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Animated video feedback
I recently just commissioned an animated video for my education startup,
Academic Wilds. The video was done on a low-ish budget ($1k) and through a
personal contact of mine. It's currently at the stage of development where
I can give feedback to the designer/sound team in order to make changes, so
I wanted to get feedback from fellow entrepreneurs before committing.
Here's the link:
Getting feedback is great. Getting feedback from your target audience is
even better. Do you have a mailing list or a small group of loyal customers
who are willing to take an early look?
My business has benefited tremendously from having a small group of loyal
customers who tell me "yeah do that" or "no, that's awful."
That's just me though...
One thought is to include some material that's more geared toward the
product. Could you include any screenshots/segments that demonstrate
using it? It's nice that you have a list of things you could potentially
achieve with it like connecting to like-minded students, but it's still
difficult for me to imagine what it would be like for me to use it. I
imagine I'd be more likely to sign up/try the tool if I got to see
something like that.
On 12/30/12 11:52 AM, Cory Huff wrote:
I agree with Gareth.
The biggest piece of feedback I got about our video (http://vimeo.com/portfoliyo/intro) was to include more screen grabs of the actual product.
The first version was just the text + interviews because I wanted to sell people on the fact that other teachers are using the service and liking it. I quickly got feedback saying "what's the product?", so I added more screen grabs. Now, people ooohh and ahhh because get the product (still not perfectly though).
So, for what it's worth - that's the feeling I get seeing your video as well: "What's the product?" I think your video would greatly benefit from actual screen grabs of the product. If you're going to do that, I recommend showing the product piece by piece, and very slowly.
Interesting feedback. I'm going through the process of creating an
explainer video myself, but my feeling was more that it's not a demo, but
rather something interesting enough to pique the interest of potential
users and drive them to want to find out more about the product. I'm
also trying to find the balance between laying out the problem, the
product, and the benefits in 60 seconds: when I talk more benefits, I get
the "OK, but what is it?" feedback; when I say more of what it is, I get
the "What's in it for me?" one.
Very perceptive. When in doubt, pick up the pace, get to the point on what, how and why and make a creative impact in a way that suits your brand -- if possible, humor helps.
Sent from my iPhone
On Jan 5, 2013, at 8:24 AM, sari <s...@yumvy.com> wrote:
Along with the animation, I recently shot a promotional video for YumvY.
Again, it's not meant to be a demo, but something to give viewers a sense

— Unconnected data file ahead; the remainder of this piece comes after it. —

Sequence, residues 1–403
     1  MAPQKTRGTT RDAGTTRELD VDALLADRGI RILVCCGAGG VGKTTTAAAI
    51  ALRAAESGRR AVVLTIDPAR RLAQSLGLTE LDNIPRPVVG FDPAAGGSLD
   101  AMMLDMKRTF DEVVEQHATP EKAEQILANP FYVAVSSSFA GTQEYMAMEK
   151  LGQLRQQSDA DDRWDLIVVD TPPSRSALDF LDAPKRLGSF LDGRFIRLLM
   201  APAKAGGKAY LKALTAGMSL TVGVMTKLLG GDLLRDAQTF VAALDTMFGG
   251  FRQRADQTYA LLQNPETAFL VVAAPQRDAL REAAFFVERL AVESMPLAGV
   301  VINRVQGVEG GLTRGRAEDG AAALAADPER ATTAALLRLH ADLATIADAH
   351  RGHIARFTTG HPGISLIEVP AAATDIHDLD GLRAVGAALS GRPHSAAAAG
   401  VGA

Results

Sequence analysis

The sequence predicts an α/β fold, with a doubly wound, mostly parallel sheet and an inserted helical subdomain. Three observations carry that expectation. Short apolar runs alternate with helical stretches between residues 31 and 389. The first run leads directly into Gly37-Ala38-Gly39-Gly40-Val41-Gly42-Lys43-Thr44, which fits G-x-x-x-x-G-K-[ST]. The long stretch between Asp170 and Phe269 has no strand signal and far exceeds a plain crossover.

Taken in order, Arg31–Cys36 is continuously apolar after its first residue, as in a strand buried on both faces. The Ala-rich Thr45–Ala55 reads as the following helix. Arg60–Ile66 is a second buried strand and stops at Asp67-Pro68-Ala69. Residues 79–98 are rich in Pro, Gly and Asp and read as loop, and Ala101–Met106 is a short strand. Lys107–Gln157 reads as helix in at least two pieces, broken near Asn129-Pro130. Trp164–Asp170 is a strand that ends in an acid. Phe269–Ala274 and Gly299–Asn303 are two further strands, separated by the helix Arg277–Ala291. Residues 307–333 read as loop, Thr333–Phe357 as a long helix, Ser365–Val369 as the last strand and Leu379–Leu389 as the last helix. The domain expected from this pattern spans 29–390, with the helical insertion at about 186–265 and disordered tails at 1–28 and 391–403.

of what it is, and get them to want to go to the site to find out more. I
would love to get your feedback on it; specifically, whether you get a
sense of what the product does. Thanks!
I will start by saying that I knew nothing of yumvy before watching the
After watching, my impression is that the website helps make cooking
easier, and more manageable by guiding the cook(s) through recipes The
service can be for people who are not familiar with cooking, or maybe for
people who do cook, but find that when it comes to bigger meals/parties,
they have trouble managing.
The other thing that I saw that I liked was that it was collaborative -
both husband and wife were working together to create the meal.
Overall, I thought it was a well-done and professional video, and now I
want to know more about YumvY!
I agree that this is generally very well executed. There are enough screen
shots to show a number of useful features and a nice sound track. It
leaves unanswered a bunch of questions that users might have like: where do
the recipes come from, how many do you have, what does it cost, is it just
a Metro app? You could add that data by layering voice or text over parts
of the video (for text it might be intersticial slides or at the bottom).
"Over 5000 recipes, bookmark and share your favorites. creates a shopping
list from the recipe" or whatever. As it stands it peaks interest, if the
next step were "register" or "download" I would suggest adding the
If the goal was to get them to want to go to the site and learn more, then
for me you have succeeded. I'm not a cook, but the video was well done
enough that I will have my wife take a look at the site. The music fit the
mood and the pace of the shots and the screenshots made the app look pretty
comprehensive as a guide/kitchen manager. Along with the tagline "unleash
your inner chef" it made for a nice intro to the product. The video gave
me a much better sense of the product than your landing page.
Also, to Peter's point about more information, my wife and many others want
specialty recipes, like gluten free. I don't know from your landing page
or your video if specialty menus are an option.
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